Green Day Hits NJ

Photo by the30ish.com

By Leah Scalzadonna

SAYREVILLE, NJ-Green Day played for more than two hours at a sold-out concert to promote the band’s upcoming album, “Revolution Radio,” on Wednesday, Sept. 28 at Starland Ballroom in Sayreville, N.J.

It was the band’s first New Jersey concert since 2005, according to fan website Green Day Authority. Unlike their prior tours, the California trio is playing small clubs, like Starland Ballroom, with an extremely limited capacity.

“Starland Ballroom provides an incredibly intimate setting for fans,” AEG Live senior talent buyer Adam Weiser, 39, said. “Given the 180 feel of the venue, you get in closer proximity to the artist than most other 2,000 capacity ballrooms.”

As the AEG Live senior talent buyer, Weiser is in charge of booking bands for the venue, as well as a few others in New Jersey and New York. He works closely with ticket sellers like AEG Live and LiveNation, and meets with bands when they arrive for the show.

Before the band hit the stage, the crows was pumped up by classic rock anthems “Bohemian Rhapsody” and “Blitzkrieg Bop,” while a performer dressed as a bunny danced around the stage. Vocalist/guitarist Billie Joe Armstrong, bassist Mike Dirnt and drummer TrĂ© Cool appeared before the crowd amidst raucous cheers and applause.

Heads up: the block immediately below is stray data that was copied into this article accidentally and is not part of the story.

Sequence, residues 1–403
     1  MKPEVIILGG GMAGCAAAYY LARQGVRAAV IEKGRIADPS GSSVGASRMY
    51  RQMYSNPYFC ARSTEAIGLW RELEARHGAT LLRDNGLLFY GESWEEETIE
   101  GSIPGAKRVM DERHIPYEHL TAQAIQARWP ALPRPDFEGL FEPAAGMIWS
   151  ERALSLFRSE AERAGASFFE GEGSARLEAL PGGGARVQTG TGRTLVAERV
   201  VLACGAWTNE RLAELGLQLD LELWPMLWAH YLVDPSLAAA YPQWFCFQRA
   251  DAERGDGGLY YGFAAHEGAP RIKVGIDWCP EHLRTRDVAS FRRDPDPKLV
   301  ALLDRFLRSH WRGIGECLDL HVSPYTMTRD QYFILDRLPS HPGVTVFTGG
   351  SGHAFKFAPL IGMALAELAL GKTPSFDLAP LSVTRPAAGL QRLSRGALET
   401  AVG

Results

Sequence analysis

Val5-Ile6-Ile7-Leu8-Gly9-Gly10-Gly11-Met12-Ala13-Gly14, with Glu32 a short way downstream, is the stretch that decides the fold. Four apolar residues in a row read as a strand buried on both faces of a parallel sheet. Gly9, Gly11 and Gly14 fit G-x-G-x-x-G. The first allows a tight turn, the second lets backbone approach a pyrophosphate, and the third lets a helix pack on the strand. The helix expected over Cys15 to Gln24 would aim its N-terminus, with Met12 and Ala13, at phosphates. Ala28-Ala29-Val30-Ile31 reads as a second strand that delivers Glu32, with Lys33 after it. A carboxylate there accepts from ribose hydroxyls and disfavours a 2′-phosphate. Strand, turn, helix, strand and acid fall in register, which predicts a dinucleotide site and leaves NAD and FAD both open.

“New Jersey, do you want a revolution?” Armstrong asked the audience. “It starts right now.”

The band, which was inducted into the Rock and Roll Hall of Fame in 2015, played a lengthy set, premiering new songs, like “Revolution Radio” and “Bang Bang,” and performing past hits, including “American Idiot,” “Welcome to Paradise” and “Basket Case.”

“Club plays offer the ability to play new songs and gauge audience response,”Weiser said. “It’s always important to have that close connection with fans.”

Armstrong strutted across the stage sporting his signature black eyeliner, selecting fans of all ages to join him onstage for songs “Know Your Enemy” and “Longview.” The venue, which holds 2,500 guests maximum, was packed to the brims with fans sporting homemade t-shirts and outfits reminiscent of those Armstrong wore in earlier years. However, not every fan was happy with the limited space.

“It’s like people can’t even enjoy concerts anymore,” concertgoer Beth Harrison, 30, said. “I was pushed by tons of people and had to watch the show through three different phones.”

For fans that either didn’t enjoy or couldn’t attend the intimate show, the band promised that they’ll quickly return to the East Coast.

“We’ll be coming back real soon,” Armstrong said. “I will never, ever mess with Jersey.”

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